The information below is provided as a guide to assist students in engaging appropriately with the course requirements.

    The design project is undertaken in groups of four for Final Year students, and individually for Masters students. It is a significant undertaking, but can be readily managed by working steadily through the semester. The virtual combustion laboratory can be completed in the allocated time provided students are well organised and focussed on the task. The work-load has been refined over the ten years in which the course has been run to provide a balanced work-load that is well reflected in the value of the 3 point subject.

    Learning Activities Summary

    No information currently available.

    Specific Course Requirements

    Long-sleeves, long pants and closed toe shoes are a requirement for the industrial tour. Students should be aware that they will be walking through a dusty plant, so that strong work-shoes or work-boots are recommended and one should avoid wearing “best” white or polished shoes if you want them to remain in their original state.

    Buses will be provided and students must nominate for the early or late time option. Details will be provided in the lectures.

  • Assessment

    The University's policy on Assessment for Coursework Programs is based on the following four principles:

    1. Assessment must encourage and reinforce learning.
    2. Assessment must enable robust and fair judgements about student performance.
    3. Assessment practices must be fair and equitable to students and give them the opportunity to demonstrate what they have learned.
    4. Assessment must maintain academic standards.

    Assessment Summary
    • Kiln Design Project: 25%,

    • Assignments 3 @ 3.33% 10%

    • Virtual Combustion Lab 2 @ 5% 10%

    • Final Exam 55%

    Assessment Related Requirements

    Tutorials are considered to be compulsory. Whether or not students have submitted each assignment will be considered strongly in assessing marks which are border-line between grade options (e.g. border-line pass/fail or credit/distinction).

    Assessment Detail

    Details on the assessment tasks will be provided

    Submission
    • Stoich. & Thermo. Assignment end of week 4

    • Flames Assignment end of week 6

    • VCL 2 due end of week 9

    • Kiln Design Project due end of week 10

    • VCL 3 due end of week 11

    • Measurement Assignment end of week 11

    Course Grading

    Grades for your performance in this course will be awarded in accordance with the following scheme:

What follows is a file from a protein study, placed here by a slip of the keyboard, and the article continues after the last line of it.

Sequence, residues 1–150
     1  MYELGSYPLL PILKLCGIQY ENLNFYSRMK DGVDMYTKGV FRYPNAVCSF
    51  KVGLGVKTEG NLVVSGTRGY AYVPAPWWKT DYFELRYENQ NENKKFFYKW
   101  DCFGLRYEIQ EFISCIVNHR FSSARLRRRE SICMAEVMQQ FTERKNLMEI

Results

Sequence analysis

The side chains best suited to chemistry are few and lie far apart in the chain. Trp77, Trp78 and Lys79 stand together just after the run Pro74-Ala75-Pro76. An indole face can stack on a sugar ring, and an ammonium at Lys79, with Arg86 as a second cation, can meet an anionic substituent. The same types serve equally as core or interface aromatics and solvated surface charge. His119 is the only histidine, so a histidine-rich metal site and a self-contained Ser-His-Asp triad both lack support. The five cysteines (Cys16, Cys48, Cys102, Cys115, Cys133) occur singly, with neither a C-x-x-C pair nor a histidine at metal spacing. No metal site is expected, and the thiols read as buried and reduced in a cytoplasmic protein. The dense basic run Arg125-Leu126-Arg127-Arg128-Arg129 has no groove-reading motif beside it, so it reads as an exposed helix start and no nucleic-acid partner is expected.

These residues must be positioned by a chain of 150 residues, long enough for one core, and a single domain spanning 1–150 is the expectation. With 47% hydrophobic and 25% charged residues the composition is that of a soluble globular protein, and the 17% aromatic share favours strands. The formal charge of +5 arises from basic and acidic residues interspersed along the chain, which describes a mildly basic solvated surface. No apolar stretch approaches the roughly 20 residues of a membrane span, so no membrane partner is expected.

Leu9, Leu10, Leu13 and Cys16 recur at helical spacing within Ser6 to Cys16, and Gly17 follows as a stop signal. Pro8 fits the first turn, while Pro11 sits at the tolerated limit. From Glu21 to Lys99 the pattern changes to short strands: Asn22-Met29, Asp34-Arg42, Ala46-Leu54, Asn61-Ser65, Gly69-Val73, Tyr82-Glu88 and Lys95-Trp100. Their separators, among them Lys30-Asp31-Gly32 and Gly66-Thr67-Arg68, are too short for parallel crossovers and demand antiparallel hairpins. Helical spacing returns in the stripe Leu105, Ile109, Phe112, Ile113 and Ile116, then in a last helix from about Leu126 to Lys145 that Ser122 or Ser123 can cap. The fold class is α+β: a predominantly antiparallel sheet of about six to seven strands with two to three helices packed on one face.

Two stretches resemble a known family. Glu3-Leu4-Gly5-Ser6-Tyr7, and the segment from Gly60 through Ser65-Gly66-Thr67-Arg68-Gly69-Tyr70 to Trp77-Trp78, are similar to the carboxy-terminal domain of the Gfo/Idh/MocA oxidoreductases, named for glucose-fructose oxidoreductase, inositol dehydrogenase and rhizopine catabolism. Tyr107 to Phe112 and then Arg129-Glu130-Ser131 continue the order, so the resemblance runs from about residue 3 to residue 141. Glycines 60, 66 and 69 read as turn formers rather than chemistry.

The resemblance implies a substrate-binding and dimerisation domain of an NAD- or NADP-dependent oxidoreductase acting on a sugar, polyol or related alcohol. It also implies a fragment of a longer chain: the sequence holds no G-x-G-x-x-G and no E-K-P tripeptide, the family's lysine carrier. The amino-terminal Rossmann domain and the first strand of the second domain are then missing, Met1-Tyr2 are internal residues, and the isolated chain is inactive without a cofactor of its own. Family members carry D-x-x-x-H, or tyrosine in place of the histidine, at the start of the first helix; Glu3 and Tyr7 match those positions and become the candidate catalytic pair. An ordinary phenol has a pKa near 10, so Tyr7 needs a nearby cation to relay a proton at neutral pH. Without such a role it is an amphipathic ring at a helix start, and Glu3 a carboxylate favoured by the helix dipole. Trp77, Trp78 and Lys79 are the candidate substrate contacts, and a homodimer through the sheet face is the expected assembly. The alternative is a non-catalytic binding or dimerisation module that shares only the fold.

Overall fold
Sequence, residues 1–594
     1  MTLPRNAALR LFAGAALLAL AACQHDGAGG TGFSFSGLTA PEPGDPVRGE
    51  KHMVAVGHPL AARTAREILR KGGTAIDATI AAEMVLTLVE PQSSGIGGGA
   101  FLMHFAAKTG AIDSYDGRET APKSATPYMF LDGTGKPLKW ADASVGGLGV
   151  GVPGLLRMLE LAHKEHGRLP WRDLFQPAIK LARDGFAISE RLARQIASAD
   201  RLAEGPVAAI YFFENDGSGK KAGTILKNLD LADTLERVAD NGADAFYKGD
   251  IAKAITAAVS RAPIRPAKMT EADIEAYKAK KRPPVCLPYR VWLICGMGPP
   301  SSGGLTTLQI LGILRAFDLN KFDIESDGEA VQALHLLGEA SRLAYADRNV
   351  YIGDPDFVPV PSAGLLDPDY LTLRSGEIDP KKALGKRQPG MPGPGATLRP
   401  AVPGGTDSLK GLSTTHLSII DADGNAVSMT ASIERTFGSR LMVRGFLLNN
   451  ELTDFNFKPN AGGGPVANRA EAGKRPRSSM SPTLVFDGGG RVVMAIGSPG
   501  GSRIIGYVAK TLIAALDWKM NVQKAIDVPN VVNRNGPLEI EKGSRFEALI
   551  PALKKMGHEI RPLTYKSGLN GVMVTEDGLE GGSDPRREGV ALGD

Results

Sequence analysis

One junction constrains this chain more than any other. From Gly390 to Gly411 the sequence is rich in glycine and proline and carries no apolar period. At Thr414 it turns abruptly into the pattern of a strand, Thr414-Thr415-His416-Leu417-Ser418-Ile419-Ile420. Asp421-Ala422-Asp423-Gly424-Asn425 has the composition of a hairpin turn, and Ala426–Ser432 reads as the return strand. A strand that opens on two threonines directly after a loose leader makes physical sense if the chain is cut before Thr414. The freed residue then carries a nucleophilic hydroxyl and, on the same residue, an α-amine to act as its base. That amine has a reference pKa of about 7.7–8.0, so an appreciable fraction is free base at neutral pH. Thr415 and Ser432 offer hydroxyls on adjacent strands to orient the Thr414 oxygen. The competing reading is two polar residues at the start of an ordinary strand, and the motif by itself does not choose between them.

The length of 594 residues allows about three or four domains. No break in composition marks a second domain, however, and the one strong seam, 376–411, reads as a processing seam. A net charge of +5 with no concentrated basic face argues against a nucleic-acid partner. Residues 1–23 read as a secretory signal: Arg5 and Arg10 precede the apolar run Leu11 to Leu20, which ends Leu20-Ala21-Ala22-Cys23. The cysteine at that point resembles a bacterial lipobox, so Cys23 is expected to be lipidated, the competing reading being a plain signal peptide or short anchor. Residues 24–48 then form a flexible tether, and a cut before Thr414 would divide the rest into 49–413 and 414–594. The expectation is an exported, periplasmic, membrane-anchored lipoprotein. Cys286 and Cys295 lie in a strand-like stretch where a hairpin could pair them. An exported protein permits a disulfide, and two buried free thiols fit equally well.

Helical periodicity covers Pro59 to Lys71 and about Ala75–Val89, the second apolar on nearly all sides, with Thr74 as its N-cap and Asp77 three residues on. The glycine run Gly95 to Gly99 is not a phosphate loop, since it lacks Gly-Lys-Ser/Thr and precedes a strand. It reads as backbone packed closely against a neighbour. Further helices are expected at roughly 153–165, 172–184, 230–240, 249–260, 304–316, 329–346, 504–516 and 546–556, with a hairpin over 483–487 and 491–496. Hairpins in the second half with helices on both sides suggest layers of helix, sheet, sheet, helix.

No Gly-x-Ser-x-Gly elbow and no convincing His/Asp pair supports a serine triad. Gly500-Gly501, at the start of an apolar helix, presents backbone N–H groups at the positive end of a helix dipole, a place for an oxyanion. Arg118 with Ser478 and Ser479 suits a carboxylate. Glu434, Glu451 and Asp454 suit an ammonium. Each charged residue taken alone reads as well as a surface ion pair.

M10 (Coursework Mark Scheme)
    Grade Mark Description
    FNS   Fail No Submission
    F 1-49 Fail
    P 50-64 Pass
    C 65-74 Credit
    D 75-84 Distinction
    HD 85-100 High Distinction
    CN   Continuing
    NFE   No Formal Examination
    RP   Result Pending

    Further details of the grades/results can be obtained from Examinations.

    Grade Descriptors are available which provide a general guide to the standard of work that is expected at each grade level. More information at Assessment for Coursework Programs.

    Final results for this course will be made available through Access Adelaide.

  • Student Feedback

    The University places a high priority on approaches to learning and teaching that enhance the student experience. Feedback is sought from students in a variety of ways including on-going engagement with staff, the use of online discussion boards and the use of Student Experience of Learning and Teaching (SELT) surveys as well as GOS surveys and Program reviews.

    SELTs are an important source of information to inform individual teaching practice, decisions about teaching duties, and course and program curriculum design. They enable the University to assess how effectively its learning environments and teaching practices facilitate student engagement and learning outcomes. Under the current SELT Policy (http://www.adelaide.edu.au/policies/101/) course SELTs are mandated and must be conducted at the conclusion of each term/semester/trimester for every course offering. Feedback on issues raised through course SELT surveys is made available to enrolled students through various resources (e.g. MyUni). In addition aggregated course SELT data is available.

  • Student Support
  • Policies & Guidelines
  • Fraud Awareness

    Students are reminded that in order to maintain the academic integrity of all programs and courses, the university has a zero-tolerance approach to students offering money or significant value goods or services to any staff member who is involved in their teaching or assessment. Students offering lecturers or tutors or professional staff anything more than a small token of appreciation is totally unacceptable, in any circumstances. Staff members are obliged to report all such incidents to their supervisor/manager, who will refer them for action under the university's student’s disciplinary procedures.